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Hyperloop offers rapid travel and reductions in harmful emissions

15th January 2019


In theory the capsules could travel almost as fast as the speed of sound In theory the capsules could travel almost as fast as the speed of sound
When going underground is not appropriate, pylons could be used to raise the tubes When going underground is not appropriate, pylons could be used to raise the tubes

The hyperloop is more than just a pipe dream. Here, Benjamin Stafford, materials science specialist at Matmatch, ponders the design considerations for engineers developing the next generation of transportation systems

Human kind has come a long way since the days of travelling on foot. The 20th century, in particular, saw a significant number of developments and improvements to land and air transportation.

Today, automotive and aviation manufacturers are under increasing pressure to reduce harmful emissions and meet global targets to tackle climate change. In addition to creating faster and more efficient transportation modes, like those we’re seeing with the advances in the electrification of both cars and planes, governments have another issue to address.

Our roads, airports and ports are congested. Countries like Mexico, Thailand and Indonesia currently rank as having cities with the highest traffic-related congestion but there are few ideas on how to reduce it. Well, that was the case before Elon Musk’s 2012 revelation of the hyperloop.

Hyperloop is an ultra-high-speed transportation ecosystem, made up of a system of tubes that pods can travel through free of air resistance and friction. It works by replicating high altitudes in a low-pressure environment inside the tube system by removing most of the air with vacuum pumps, which drastically reduces the drag forces.

Due to the ultra-low aerodynamic drag, the pods can glide at airline speeds for long distances, providing rapid transit across densely populated regions. In the US for example, a hyperloop could enable travel from New York to Washington DC in less than 30 minutes. Its estimated that the hyperloop’s pods will be able to travel at around 600 miles per hour, carrying up to 16 passengers.

Member of the Delft University of Technology’s Hyperloop team, Mark Geuze, described the hyperloop as “being able to connect cities, making it more efficient than a plane, but as convenient as a train.” While projects like Virgin Hyperloop One Systems and Hyperloop Transportation Technologies (HTT) are working to make Musk’s concept a reality, there are still some elements of design that need refining.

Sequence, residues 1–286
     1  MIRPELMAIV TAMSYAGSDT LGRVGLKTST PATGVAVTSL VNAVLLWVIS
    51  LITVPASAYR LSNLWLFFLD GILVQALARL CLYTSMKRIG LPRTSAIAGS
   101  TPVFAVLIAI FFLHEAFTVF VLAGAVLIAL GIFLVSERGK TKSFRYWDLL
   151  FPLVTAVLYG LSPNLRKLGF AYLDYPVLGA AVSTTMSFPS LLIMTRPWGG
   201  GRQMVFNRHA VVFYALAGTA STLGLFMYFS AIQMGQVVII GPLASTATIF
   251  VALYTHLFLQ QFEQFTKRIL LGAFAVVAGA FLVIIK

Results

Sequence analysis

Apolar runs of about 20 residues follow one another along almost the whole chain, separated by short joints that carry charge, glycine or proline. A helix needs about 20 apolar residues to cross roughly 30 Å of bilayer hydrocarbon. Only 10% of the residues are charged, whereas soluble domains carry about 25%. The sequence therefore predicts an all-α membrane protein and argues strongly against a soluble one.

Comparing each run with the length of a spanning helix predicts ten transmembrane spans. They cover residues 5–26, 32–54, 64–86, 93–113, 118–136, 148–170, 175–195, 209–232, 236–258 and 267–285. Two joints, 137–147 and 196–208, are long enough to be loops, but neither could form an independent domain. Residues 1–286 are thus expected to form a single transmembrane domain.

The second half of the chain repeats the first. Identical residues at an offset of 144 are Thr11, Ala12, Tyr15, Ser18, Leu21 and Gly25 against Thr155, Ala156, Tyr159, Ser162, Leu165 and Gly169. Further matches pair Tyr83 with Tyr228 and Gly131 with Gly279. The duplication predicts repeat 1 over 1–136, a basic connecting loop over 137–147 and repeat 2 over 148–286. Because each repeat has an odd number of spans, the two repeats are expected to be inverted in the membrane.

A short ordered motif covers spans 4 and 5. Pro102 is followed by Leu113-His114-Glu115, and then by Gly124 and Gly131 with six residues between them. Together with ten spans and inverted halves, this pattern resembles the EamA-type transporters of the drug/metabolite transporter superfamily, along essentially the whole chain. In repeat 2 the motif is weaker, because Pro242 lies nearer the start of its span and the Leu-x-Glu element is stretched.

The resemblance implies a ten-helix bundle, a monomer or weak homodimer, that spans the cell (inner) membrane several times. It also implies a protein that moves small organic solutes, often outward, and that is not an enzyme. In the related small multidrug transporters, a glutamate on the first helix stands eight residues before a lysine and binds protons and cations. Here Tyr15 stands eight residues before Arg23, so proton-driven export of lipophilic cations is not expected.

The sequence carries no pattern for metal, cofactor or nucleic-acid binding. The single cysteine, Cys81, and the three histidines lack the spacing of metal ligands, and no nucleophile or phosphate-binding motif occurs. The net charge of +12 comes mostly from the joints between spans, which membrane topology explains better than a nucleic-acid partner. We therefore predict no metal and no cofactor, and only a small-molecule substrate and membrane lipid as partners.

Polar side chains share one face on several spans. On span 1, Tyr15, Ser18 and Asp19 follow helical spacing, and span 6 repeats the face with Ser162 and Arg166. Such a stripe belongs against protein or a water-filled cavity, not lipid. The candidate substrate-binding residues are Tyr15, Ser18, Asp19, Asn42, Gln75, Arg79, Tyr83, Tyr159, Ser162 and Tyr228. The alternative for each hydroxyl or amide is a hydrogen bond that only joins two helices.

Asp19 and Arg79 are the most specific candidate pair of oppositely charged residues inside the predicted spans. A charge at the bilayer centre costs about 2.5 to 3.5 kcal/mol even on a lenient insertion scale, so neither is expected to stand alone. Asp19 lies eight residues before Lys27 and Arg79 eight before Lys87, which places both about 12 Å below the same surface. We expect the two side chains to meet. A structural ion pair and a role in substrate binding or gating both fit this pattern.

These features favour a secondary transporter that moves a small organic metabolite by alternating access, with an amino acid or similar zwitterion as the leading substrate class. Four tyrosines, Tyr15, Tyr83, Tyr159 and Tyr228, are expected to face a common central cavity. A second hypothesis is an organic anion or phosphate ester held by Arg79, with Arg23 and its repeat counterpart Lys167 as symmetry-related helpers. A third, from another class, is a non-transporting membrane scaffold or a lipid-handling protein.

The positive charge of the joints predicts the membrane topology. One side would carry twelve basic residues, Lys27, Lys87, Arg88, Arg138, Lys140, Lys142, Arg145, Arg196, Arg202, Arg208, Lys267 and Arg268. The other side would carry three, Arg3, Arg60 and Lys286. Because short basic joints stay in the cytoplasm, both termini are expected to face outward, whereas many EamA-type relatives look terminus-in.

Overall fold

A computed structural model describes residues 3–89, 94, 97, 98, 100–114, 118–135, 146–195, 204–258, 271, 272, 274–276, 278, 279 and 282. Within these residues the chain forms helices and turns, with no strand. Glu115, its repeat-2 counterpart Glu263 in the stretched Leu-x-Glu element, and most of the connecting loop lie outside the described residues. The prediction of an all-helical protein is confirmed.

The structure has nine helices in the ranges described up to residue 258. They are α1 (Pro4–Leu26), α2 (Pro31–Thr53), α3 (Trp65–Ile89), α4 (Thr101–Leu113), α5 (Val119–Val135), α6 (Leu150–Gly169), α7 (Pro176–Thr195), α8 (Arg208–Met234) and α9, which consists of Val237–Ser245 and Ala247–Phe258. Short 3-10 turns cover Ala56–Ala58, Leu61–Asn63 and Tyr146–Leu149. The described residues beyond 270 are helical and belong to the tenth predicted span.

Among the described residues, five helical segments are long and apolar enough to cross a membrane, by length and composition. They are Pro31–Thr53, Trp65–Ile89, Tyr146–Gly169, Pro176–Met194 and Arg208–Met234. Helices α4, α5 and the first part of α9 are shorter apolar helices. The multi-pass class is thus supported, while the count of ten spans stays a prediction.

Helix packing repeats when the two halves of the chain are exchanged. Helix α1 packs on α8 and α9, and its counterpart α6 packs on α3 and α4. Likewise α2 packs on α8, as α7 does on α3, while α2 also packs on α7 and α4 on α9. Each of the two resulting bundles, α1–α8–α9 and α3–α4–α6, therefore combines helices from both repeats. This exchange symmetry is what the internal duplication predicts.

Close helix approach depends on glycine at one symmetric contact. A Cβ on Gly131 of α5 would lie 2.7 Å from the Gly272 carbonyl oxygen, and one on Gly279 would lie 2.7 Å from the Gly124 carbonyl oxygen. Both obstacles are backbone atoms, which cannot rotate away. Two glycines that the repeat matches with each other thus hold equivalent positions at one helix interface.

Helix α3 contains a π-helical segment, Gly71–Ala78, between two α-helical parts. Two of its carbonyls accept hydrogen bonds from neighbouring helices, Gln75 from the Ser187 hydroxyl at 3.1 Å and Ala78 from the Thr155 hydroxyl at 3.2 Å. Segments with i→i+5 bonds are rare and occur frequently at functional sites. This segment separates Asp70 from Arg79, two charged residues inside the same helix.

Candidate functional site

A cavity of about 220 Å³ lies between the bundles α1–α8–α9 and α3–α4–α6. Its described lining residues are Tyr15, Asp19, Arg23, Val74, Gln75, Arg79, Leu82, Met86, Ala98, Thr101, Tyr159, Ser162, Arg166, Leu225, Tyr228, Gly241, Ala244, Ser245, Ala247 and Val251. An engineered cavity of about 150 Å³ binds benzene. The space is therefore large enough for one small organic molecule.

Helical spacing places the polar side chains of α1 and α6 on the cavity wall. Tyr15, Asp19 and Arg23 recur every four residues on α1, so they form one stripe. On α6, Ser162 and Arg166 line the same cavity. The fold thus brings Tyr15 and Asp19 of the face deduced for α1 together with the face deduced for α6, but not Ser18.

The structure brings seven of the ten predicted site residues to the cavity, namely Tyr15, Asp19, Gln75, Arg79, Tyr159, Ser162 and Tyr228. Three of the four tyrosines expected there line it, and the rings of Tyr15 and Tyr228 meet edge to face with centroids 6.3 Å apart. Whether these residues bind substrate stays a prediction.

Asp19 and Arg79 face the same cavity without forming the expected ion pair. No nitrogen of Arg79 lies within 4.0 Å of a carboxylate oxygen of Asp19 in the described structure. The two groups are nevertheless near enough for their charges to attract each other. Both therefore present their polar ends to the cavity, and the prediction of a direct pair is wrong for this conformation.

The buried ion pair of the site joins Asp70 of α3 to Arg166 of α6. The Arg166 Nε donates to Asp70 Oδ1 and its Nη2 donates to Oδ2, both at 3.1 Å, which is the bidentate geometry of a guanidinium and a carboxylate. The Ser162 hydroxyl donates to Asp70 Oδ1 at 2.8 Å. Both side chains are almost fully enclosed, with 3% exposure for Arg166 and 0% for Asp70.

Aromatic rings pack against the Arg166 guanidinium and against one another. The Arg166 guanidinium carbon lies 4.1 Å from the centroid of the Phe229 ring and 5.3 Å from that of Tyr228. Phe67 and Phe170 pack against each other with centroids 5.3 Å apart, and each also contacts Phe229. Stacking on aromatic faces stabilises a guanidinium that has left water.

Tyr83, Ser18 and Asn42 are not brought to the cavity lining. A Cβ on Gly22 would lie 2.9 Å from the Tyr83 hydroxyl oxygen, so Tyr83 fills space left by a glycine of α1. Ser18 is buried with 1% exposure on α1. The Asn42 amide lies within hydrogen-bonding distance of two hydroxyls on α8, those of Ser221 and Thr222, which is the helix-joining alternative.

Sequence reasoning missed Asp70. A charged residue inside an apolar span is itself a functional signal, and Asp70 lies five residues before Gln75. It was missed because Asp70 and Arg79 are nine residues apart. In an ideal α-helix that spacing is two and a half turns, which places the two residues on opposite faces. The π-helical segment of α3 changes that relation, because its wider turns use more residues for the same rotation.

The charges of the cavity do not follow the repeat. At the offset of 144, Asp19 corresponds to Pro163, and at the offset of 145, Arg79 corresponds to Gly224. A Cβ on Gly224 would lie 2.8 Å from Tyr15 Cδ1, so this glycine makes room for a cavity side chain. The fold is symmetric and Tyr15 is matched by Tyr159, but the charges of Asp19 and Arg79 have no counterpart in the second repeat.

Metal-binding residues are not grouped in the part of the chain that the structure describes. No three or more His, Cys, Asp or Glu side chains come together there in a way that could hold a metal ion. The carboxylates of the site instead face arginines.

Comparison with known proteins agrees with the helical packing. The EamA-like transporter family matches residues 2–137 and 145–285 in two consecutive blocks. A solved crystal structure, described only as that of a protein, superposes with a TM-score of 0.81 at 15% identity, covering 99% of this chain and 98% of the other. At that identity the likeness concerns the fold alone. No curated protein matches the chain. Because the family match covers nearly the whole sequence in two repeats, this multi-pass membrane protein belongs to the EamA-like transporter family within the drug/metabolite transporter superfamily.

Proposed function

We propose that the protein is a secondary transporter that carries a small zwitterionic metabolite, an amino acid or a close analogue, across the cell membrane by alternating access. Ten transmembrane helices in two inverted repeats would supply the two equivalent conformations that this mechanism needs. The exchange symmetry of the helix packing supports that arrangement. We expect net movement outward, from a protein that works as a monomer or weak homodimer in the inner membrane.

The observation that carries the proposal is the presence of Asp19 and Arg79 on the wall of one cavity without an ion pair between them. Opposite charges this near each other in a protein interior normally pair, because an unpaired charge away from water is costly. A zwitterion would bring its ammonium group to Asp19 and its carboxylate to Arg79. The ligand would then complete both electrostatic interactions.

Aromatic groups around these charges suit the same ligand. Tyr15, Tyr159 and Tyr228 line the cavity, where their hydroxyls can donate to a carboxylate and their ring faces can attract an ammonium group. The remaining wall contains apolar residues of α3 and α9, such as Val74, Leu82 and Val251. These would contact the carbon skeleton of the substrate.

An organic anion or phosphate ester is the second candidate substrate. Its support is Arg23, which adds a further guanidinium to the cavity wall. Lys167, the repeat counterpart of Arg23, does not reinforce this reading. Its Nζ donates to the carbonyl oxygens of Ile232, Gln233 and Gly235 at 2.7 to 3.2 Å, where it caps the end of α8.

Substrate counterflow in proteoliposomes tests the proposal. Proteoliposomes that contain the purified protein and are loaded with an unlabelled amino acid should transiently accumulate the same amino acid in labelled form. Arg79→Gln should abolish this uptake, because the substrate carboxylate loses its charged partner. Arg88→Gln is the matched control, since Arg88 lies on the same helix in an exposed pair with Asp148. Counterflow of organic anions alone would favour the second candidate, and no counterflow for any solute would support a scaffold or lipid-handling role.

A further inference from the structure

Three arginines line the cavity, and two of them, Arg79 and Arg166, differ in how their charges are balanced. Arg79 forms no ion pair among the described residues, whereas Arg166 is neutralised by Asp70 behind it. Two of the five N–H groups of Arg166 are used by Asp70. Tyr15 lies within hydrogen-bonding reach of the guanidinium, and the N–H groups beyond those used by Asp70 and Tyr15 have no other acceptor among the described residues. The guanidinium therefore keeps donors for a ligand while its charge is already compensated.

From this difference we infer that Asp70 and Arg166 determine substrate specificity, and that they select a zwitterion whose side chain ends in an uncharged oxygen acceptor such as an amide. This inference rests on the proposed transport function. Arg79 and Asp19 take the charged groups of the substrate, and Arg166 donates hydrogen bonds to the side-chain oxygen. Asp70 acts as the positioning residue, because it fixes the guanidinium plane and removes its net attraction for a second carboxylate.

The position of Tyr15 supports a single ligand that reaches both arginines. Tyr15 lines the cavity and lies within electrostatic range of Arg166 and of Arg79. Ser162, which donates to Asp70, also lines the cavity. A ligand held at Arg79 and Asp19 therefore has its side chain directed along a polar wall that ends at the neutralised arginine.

For the hyperloop to be two to three times faster than existing high-speed rail and magnetic levitation trains, and ten to fifteen times faster than traditional rail, design and mechanical engineers are looking to materials used in the aerospace industry for inspiration. This is because the hyperloop needs to be constructed with robust materials that are light and able to withstand extreme conditions, particularly at low-pressures, like those used in aircrafts.

While most modern aircrafts are currently made from aluminium, composite materials such as carbon fibre are becoming increasingly popular.

Composite materials include some of the most advanced engineering materials today and Matmatch has over 100 composites listed on its site. The addition of high strength fibres  a polymer matrix can greatly improve mechanical properties, such as the tensile strength and temperature resistance.

Boeing, for example, has made greater use of composite materials in the airframe and primary structure of one of its latest developments, the Boeing 787, claiming that the plane offers weight savings on average of 20% compared to its aluminium designs.

In the development of its hyperloop pods, HTT has developed a new type of carbon fibre composite that is eight times stronger than aluminium and ten times stronger than steel alternatives. The material, named Vibranium (inspired by Marvel’s fictional metal), has been designed to be a skin-type material to protect the hyperloop pods.

The pods are constructed with two layers of Vibranium, one for the exterior and one for the interior of the pod, with an array of 72 sensors sandwiched between the two layers. These sensors can monitor the pod’s stability, temperature and integrity in real time to maximise passenger safety. In all there are 82 panels secured by 75,000 rivets. Assembly takes 5,000 hours.

As if selecting the materials for the hyperloop’s pods wasn’t complex enough, designers will also have to consider the tubes when this new mode of transportation becomes a reality.

While the hyperloop certainly offers a faster, safer and more efficient mode of transport, it will be a few years before we will be able to use these underground systems as part of our daily commute. In the meantime, we can expect modern aircraft to become even more advanced, thanks to better materials selection.

 







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